It was the weekend of Pentecost in 2012. I was one in a group of about thirty who were walking through an ancient church in Ephesus. The church overlooks a small glade to the north with a solitary pillar standing in the middle. The pillar is all that is left of one of the Seven Wonders of the Ancient World, the Temple of Artemis of the Ephesians. Centuries later, Christians would send the abandoned temple’s columns to Constantinople for the Haggia Sophia. This lone pillar was intentionally left by them to remind all that the gods of millennia past had come to their end, and the eternal kingdom of God had come in King Jesus, reigning on the earth through his people.
As our guide finished recounting this history, one of my teachers began a commonly known church song. As we joined we sang loudly, “Kings and kingdoms will all pass away / But there’s just something about that name.” In that moment these words were not belief or wish; they were reality. We beheld in that pillar a kingdom which had passed away. Meanwhile the kingdom of God carried on through time. The experience drove many of us to tears.
We left the basilica to go to a little known, nearby diner. We enjoyed an amazing lunch and then did a common Christian practice. A tradition handed down by every generation to the next. Our teachers blessed the bread and wine. We passed the bread, broke it, gave it to one another, prayed, cried together, passed the cup to one another, and blessed each other.
The experience is a treasure to me, but what struck me was that this Eucharist practice of the blessing of the bread and wine had been occurring in Ephesus by followers of King Jesus for nearly two thousand years. Many kingdoms had come and gone in that time. Many joys, sorrows, conflicts, wars, struggles, and festival times had come and gone for these Christian communities. Still, this practice continued, connecting them to the person of King Jesus, shaping them as his eternal kingdom.
While Paul lived and taught in Ephesus, the very city I had just eaten lunch in, he wrote to the Corinthians explaining the power of the Eucharist practice writing, “Is not the cup of blessing that we bless a participation of the blood of the King? Is not the bread we break a participation of the body of the King? Since there is one bread the many are one body, because we all participate by means of the one bread. Look at the Israel according to the flesh. Are not the ones eating the sacrifices participators in the altar?” Paul uses sacrifice, an essential act of ancient Jewish identity, to parallel the Christian Eucharist practice. Participating in the sacrifice by eating the meat or bread allowed a Jew to interact with the altar. The altar was the place of forgiveness, thanksgiving, petition, and desire to be with God as his people. Interacting with the sacrificial food allowed the person to be shaped into the people of the altar.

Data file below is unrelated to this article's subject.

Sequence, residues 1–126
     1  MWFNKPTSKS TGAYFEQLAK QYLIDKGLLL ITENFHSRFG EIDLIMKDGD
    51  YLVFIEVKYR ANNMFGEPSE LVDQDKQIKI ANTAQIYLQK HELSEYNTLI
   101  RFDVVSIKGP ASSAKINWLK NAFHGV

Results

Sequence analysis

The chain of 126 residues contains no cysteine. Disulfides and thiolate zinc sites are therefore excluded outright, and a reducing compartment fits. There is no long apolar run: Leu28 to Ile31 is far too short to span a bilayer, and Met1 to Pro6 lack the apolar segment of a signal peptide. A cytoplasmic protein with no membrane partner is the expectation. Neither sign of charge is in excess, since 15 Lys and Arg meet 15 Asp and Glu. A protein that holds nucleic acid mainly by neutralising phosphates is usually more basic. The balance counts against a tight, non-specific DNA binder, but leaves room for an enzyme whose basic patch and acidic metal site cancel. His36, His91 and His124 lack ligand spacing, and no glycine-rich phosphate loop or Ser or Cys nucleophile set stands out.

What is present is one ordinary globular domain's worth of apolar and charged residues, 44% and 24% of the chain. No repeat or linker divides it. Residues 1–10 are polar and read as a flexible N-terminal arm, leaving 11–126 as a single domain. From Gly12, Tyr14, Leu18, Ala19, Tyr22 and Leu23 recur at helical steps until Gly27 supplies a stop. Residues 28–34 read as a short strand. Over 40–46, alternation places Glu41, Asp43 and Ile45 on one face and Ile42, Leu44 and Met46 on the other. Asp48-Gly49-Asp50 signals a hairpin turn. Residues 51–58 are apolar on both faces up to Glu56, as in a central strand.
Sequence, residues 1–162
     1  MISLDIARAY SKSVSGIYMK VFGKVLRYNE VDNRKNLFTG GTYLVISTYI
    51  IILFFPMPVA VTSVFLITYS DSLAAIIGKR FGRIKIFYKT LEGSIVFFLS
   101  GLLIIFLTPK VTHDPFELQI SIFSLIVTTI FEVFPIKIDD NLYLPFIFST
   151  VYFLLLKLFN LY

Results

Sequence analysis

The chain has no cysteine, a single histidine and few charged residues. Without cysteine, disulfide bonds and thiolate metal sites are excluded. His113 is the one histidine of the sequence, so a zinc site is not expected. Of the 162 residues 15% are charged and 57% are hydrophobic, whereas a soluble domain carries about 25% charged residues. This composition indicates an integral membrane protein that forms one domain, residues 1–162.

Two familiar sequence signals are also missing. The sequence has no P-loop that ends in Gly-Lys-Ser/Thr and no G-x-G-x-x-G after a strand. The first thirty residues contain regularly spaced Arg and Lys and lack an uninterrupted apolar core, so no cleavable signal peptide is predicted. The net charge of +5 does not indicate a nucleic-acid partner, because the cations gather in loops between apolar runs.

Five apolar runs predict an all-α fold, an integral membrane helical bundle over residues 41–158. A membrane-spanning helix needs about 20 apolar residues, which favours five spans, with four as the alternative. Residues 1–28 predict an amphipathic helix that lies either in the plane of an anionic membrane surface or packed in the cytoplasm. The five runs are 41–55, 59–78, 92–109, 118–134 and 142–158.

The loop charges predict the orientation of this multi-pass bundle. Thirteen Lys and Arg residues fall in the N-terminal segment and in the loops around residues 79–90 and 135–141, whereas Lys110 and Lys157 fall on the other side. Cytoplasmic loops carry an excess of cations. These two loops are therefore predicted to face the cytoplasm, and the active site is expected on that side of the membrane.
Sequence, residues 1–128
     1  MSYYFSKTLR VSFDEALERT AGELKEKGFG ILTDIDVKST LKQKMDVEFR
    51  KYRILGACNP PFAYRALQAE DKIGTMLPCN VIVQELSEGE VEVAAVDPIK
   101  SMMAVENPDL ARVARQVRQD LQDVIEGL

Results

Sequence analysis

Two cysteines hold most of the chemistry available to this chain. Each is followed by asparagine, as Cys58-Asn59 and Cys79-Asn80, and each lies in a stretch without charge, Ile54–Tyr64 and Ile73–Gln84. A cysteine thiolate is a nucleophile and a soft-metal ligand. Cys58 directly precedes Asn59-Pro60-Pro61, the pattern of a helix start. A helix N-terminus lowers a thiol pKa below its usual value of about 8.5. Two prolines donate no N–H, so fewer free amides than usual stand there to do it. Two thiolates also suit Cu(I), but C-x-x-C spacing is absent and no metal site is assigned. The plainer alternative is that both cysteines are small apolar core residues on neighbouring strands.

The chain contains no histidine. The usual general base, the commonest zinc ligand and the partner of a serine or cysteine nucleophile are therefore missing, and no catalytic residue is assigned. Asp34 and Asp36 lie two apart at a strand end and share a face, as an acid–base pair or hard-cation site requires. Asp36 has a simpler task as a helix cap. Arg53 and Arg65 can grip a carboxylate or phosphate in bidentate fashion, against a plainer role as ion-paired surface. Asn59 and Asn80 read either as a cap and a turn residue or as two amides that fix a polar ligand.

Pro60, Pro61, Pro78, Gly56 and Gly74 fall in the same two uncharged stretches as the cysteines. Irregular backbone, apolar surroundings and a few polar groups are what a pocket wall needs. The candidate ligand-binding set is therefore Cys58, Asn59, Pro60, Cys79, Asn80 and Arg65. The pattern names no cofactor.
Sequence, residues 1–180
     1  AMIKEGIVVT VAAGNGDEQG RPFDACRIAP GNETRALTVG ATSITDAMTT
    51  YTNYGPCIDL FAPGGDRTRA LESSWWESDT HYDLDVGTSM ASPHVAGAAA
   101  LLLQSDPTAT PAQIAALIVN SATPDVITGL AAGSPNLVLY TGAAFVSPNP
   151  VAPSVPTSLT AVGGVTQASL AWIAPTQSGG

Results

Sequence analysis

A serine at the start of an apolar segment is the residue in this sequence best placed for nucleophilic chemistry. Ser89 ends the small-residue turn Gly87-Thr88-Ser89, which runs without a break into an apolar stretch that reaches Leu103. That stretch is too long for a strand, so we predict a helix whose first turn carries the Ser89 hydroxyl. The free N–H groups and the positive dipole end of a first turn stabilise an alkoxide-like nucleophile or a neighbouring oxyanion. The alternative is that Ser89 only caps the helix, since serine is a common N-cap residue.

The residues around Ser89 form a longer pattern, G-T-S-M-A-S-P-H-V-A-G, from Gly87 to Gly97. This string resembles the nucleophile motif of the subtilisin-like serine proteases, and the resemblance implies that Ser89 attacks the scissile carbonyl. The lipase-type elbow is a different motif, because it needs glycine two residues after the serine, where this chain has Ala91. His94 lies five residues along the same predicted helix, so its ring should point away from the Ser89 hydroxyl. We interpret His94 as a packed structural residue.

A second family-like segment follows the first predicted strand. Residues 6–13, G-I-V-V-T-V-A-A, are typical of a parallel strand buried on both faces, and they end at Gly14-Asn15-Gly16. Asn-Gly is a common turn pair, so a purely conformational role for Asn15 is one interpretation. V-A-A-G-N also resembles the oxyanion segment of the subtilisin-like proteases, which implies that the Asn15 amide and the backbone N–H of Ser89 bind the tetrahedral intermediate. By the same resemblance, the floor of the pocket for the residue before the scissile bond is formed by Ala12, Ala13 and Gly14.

In the Eucharist practice Christians share in the moment of the King’s bloodshed, the altar of forgiveness. Participators share this moment with all who have ever received it. In this practice, all time and space collapse into the eternal kingdom of God so that God’s people are together with our King. It is here, together, we find our source of forgiveness, our place of thanksgiving, our loving God and King to pray before. This practice was given to us by our King so we might receive the identity as God’s forgiven people and be empowered to be his unshakable kingdom. On Pentecost the Spirit allowed me a glimpse of this beauty, the eternal unity of God’s people together practicing the life of King Jesus.
Traditional practices are often overlooked as simple preferences or methods to be discarded as culture trudges along. Rather, practices are meant to bind the people of God together beyond space and time, beyond cultural moods or fads, and beyond joys or sufferings. Traditions are about people. In these moments of practice a person finds words to express pain, songs to celebrate joy, or a rock of stability in the torrent of the world’s chaos. The stability offered by practice is rooted in the person of King Jesus and lived by the kingdom he teaches. We love people by offering them eternal life. That life is not ideas, hopes, or personal ethics, but a community of faith practicing the life of King Jesus.
Make breaking bread with brothers and sisters a reality. One of the first ways I did this was by making Amish Friendship Bread for all of my friends. It is fun to make, and the investment makes the generosity even sweeter.
I chose Ed Sheeran’s “I See Fire” from The Hobbit: The Desolation of Smaug soundtrack. Listen to it with the ironic victory of Paul calling out Death in 1 Corinthians 15 on account of our resurrection in King Jesus. Or, in the power of our unshakable kingdom that stands at a mountain no one else dares approach, as the writer of Hebrews describes. Together, we win in King Jesus.
Father, teach my heart to desire your life.
King Jesus, show my mind the power of your life.
Spirit, empower me to live the life of Jesus again, in my context, in this body.
Every day for all eternity you are receiving the promised resurrection life from King Jesus in the process of redeeming Creation. Allow the traditional practices of the people of God to teach you how to extend that life to others. Extend it through your daily practices. Have a conversation with a person simply because they need the presence of King Jesus. Give a meal, or some other form of generosity, to someone in need because our King has provided for us. We practice his life that he might love others through us.